How data analysis became the new social media marketing
With every new automation platform, marketing metric and social media site, the day-to-day roles and responsibilities of marketers have grown increasingly complex.
To understand traditional marketing (promoting the right product, in the right place, for the right price) is no longer enough.
Today’s marketers must be experts in everything from SEO, advertising and PR, right through to graphics design. Even basic web coding skills are increasingly becoming a must-have string on marketing’s ever expanding bow.
A few years ago, the big shift in this skillset came in the form of so-called “digital” marketing. Agencies and in-house teams were desperate to hire anyone and everyone who understood which digital platforms were best for their audiences and ultimately unravel the mysteries of the new social media age.
Over time however, the hype of Web 2.0 died down and marketers began to realise that many of the age old principles of their discipline still applied in the digital age. Social media became just another platform through which marketers could communicate their messages and achieve their goals.
Eventually, many digital agencies were absorbed and the so-called experts quickly went back to being a cog in a larger marketing machine.
That was the social media revolution; much hyped, but never fully delivering the transformation that was expected. Now, we have a new marketing revolution, and this time the game is finally set to change.
The marketing revolution
Big data was the buzzword of 2014-2015, with marketers across every sector jumping on the opportunity to understand their customers better, what they want and, ultimately, how they think.
Finally in 2016 with third generation analytics technologies coming forward to make sense of big data, and with more data available than ever before (2.5 quintillion bytes created every day), the potential for genuine change in the marketing landscape has never been greater.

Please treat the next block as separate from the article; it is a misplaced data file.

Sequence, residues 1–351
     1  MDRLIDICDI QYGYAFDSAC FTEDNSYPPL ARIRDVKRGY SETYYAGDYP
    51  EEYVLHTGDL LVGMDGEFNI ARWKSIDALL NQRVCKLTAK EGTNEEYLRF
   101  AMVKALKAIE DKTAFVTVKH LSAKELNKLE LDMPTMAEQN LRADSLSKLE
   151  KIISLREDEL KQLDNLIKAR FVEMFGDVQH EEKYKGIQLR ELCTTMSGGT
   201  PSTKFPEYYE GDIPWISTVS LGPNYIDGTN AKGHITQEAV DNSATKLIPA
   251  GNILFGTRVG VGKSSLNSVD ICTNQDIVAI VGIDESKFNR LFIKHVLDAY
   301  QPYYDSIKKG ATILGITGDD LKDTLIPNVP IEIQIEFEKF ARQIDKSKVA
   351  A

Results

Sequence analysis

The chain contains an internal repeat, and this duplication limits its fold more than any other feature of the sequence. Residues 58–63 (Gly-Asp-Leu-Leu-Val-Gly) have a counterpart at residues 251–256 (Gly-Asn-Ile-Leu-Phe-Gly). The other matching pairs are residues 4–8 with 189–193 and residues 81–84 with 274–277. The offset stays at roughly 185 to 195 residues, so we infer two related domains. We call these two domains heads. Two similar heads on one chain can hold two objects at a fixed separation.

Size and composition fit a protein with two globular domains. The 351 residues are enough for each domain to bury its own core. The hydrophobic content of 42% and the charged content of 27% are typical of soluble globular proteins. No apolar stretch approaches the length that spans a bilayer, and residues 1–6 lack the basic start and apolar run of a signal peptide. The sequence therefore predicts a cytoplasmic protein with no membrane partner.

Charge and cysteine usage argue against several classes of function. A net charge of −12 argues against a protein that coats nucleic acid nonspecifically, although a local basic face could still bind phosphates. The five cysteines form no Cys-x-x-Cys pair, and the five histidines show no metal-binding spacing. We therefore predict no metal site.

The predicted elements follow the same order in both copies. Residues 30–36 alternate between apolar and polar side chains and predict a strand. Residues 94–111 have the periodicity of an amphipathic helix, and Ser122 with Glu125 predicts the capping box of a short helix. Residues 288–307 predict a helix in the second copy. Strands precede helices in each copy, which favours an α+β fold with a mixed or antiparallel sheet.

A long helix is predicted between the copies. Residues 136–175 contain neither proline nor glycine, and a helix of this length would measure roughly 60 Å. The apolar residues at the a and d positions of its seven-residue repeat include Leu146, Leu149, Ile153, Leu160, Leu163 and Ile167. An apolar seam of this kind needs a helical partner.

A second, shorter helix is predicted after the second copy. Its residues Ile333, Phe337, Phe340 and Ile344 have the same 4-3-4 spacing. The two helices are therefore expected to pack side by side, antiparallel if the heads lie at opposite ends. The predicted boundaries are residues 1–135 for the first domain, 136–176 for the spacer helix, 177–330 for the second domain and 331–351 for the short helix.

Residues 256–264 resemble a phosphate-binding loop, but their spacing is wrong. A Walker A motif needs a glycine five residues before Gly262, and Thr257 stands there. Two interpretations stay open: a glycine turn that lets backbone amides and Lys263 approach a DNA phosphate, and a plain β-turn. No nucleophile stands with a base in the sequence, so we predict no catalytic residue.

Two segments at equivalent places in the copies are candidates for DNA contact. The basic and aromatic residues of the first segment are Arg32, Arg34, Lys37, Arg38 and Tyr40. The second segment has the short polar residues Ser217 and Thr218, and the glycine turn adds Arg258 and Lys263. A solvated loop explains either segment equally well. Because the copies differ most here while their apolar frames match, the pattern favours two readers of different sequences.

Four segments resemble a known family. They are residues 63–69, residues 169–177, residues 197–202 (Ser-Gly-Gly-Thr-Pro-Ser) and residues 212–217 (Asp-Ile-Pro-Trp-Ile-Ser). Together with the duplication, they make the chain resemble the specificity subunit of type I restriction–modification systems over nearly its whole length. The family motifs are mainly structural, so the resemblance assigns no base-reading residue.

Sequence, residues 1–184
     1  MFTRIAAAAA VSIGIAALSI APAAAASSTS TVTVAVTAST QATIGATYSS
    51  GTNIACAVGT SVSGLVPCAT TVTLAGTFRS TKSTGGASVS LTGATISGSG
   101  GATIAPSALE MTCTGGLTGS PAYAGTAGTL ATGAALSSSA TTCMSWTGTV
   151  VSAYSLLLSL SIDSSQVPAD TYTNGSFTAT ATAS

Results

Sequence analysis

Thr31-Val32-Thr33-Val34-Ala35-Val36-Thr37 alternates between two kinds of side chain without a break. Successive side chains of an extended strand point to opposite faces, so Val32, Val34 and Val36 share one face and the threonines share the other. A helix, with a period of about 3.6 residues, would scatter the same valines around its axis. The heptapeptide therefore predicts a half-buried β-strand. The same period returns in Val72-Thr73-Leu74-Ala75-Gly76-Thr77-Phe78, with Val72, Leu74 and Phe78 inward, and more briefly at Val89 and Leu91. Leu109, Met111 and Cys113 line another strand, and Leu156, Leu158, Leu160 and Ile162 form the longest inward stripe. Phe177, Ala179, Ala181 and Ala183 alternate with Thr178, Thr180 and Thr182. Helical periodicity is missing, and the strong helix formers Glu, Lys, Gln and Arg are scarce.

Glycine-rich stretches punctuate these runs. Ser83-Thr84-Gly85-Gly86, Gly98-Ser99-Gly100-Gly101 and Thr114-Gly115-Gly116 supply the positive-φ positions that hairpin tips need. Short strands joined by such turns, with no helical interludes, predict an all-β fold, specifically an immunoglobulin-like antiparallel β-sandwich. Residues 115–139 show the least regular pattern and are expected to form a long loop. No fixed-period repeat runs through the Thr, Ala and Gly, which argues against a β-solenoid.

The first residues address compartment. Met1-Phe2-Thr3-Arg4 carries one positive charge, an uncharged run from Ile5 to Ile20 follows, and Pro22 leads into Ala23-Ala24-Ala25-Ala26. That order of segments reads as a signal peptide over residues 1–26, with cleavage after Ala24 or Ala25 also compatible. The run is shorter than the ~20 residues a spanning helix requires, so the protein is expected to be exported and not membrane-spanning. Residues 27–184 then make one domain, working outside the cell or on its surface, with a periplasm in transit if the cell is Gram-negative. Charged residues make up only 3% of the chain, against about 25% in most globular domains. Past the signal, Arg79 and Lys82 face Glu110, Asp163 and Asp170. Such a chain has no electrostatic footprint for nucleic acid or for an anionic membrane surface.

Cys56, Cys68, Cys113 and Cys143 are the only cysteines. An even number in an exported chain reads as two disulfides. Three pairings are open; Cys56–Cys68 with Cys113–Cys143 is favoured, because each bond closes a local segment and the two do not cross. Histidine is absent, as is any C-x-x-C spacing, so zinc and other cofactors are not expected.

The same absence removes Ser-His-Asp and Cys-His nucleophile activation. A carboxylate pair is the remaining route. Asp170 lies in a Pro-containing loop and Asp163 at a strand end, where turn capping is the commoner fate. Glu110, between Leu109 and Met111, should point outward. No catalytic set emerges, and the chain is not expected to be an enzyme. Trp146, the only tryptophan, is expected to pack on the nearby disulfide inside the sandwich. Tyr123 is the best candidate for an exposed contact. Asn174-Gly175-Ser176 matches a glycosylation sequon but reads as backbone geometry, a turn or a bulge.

For the first time, marketers have the ability to understand the customer journey and to tailor their products, services and marketing messages to guarantee success.
Regardless of their skill level, marketers must retain control of their data
According to new research from marketing tech providers BlueVenn, 72% of marketers now consider data analysis and management to be the most important skillset for their business to acquire in the next two years.
This places data analysis above social media, web development, graphics design and even search engine optimisation as a core marketing skill.
While it’s clear that data analytics could become the next digital marketing, the problem lies in a lack of knowledge around truly effective, scientific data analysis. While anyone can set up a Twitter account or a Facebook page, the learning curve involved in data analytics can be considerably steeper.
According to BlueVenn, while 99.5% of marketers are now attempting to analyse their customers’ data, two thirds admit that they still can’t accurately calculate the value of their customers.
On top of this, nearly a third (29%) believe that they are being held back by a lack of knowledge or skill in the area of data analysis.
Need for data skills and tech
This skills gap has resulted in a drastic resource drain across marketing departments, with many marketers 'having a go' at data analysis without really knowing what they’re doing.
A third of marketers are now spending 50% of their time simply attempting to analyse data, while 1 in 10 spend over 80% of their time on this one task alone
While there is clearly a lack of appropriate skills behind this drain on marketing resources, the truth is that there doesn’t have to be.
In the same way that social media, email marketing and CRM platforms are designed for maximum usability, data analysis platforms don’t need to be complex for people to use either.
Marketers should not require a degree in data science in order to analyse their customer’s data.
This is the real shift that is required – not an advancement in skillset, but an advancement in technology.
For big data to ever be truly useful, automated platforms and analytics tools are needed that can take the weight off of marketers, simplifying their roles and freeing up their time for more traditional marketing tasks.
Without such intuitive technologies, marketers will be left with a choice between either devoting vast proportions of their time to internal data analysis – or outsourcing that analysis to external departments and costly third party organisations.
As it stands, 27% of marketers have already transferred their data analysis to the IT department, ultimately limiting their access to potentially vital marketing stats and a future long-term resource. A further 6% have outsourced their analysis entirely.
Regardless of their skill level, marketers must retain control of their data. While most marketers will never acquire the knowledge of a true data scientist, with the right analytics and marketing automation platforms in place – they even shouldn’t have to.
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